When I returned, the high school kid behind the counter asked for my Social Security number. I questioned this policy, explaining that I paid in cash and didn't plan to bring the cat back for any further treatment, but still she wanted the number.

I asked her what the vet would do with the information if I provided it, and she said they would store it in a very safe place in my file. I asked where they kept the files, and she pointed to shelves behind her. They were within easy reach from the counter.

MLSs Protecting Data

For businesses in many industries, it is often routine to request Social Security numbers from clients. As MLSs, we shouldn't feel defensive when asked how we store our client's information. In my opinion, we do a much better job than other businesses.

For instance, we know to lock our cars whenever we leave the vehicle; we place sensitive information in the trunk when possible; and we never leave files lying on the front seat. We use paper shredders to destroy documents or we lock them in file cabinets. We don't discuss client information with anyone other than our ISOs or vendors.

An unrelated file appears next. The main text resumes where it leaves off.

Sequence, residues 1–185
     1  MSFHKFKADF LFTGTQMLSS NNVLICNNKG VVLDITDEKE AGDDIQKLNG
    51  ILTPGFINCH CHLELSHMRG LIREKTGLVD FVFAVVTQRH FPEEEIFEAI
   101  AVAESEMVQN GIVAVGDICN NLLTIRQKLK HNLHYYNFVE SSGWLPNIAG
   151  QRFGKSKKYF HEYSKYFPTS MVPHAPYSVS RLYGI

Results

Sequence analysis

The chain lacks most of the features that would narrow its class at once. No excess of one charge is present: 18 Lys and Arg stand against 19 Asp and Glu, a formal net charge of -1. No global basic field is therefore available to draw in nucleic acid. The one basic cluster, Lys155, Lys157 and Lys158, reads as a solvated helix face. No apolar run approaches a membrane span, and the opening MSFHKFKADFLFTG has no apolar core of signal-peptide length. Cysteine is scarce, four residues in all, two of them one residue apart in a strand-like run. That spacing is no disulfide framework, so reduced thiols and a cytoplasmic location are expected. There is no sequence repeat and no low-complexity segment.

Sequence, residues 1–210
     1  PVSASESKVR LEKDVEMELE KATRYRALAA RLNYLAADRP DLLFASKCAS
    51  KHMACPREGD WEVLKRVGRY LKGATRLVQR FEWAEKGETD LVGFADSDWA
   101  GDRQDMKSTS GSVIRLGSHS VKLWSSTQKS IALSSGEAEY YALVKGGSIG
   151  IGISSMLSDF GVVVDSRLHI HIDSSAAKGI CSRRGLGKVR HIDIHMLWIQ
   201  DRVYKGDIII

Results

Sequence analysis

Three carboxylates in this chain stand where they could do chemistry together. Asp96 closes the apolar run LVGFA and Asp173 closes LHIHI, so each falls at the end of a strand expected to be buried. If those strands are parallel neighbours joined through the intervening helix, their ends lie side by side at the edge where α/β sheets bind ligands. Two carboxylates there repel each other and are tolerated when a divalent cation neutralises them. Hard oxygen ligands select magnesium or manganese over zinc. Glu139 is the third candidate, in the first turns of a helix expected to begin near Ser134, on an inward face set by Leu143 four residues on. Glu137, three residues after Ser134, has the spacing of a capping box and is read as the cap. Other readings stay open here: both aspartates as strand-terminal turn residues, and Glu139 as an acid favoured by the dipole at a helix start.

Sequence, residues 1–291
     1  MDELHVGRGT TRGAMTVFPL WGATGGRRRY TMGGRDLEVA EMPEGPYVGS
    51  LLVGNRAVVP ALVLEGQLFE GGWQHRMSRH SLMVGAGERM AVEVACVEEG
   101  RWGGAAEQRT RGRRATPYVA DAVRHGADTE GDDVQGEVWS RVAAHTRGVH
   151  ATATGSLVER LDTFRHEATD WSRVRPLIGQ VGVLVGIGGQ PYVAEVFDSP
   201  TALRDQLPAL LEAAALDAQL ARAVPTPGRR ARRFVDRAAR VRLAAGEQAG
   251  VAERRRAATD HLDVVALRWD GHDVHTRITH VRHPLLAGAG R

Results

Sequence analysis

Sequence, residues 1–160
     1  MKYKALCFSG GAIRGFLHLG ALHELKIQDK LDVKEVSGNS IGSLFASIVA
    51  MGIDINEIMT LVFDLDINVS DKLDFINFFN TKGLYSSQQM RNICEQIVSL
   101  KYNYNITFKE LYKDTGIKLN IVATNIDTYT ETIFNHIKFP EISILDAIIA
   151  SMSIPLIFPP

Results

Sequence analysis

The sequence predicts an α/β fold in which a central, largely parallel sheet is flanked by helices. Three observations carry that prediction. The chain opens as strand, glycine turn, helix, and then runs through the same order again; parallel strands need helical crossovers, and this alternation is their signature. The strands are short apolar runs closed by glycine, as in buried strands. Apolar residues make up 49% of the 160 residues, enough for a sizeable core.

These are all common-sense approaches that every ISO requires of us, and I believe we do an excellent job of securing data in this manner.

While some of us work in an office, most of us work from our homes. Neil Mink, an MLS in Alabama, uses a deadbolt lock on his home office door. He recommended this for anyone who works from home.

With a teenager in my house, I agree with Mink that the office door should be locked with a deadbolt. Even if you are one of the lucky parents who absolutely trusts your child, do you trust their friends?

Whether you work from home or outside of it, ensure that housekeepers, repairmen and even landlords do not have access to client data. If you don't already have an alarm system, install one. Also, know who has keys to your office. While ISOs routinely perform background checks on their agents, if you employ anyone, do the same.

In the event of your death, does your family know that they should shred all client documents?

Some older model fax machines, the ones with the cartridges, retain all the faxed information on the cartridge. If using one of these models, unroll the cartridge and hold it up to the light. You'll be amazed at the detail of faxed information still there. Before discarding the cartridge, secure this data by destroying it.

James English of Business Payment Systems (BPS) has come up with what seems to be a foolproof system to protect his client's data. Although he said that locking file cabinets is always a must, he also destroys clients' data after they are up and running.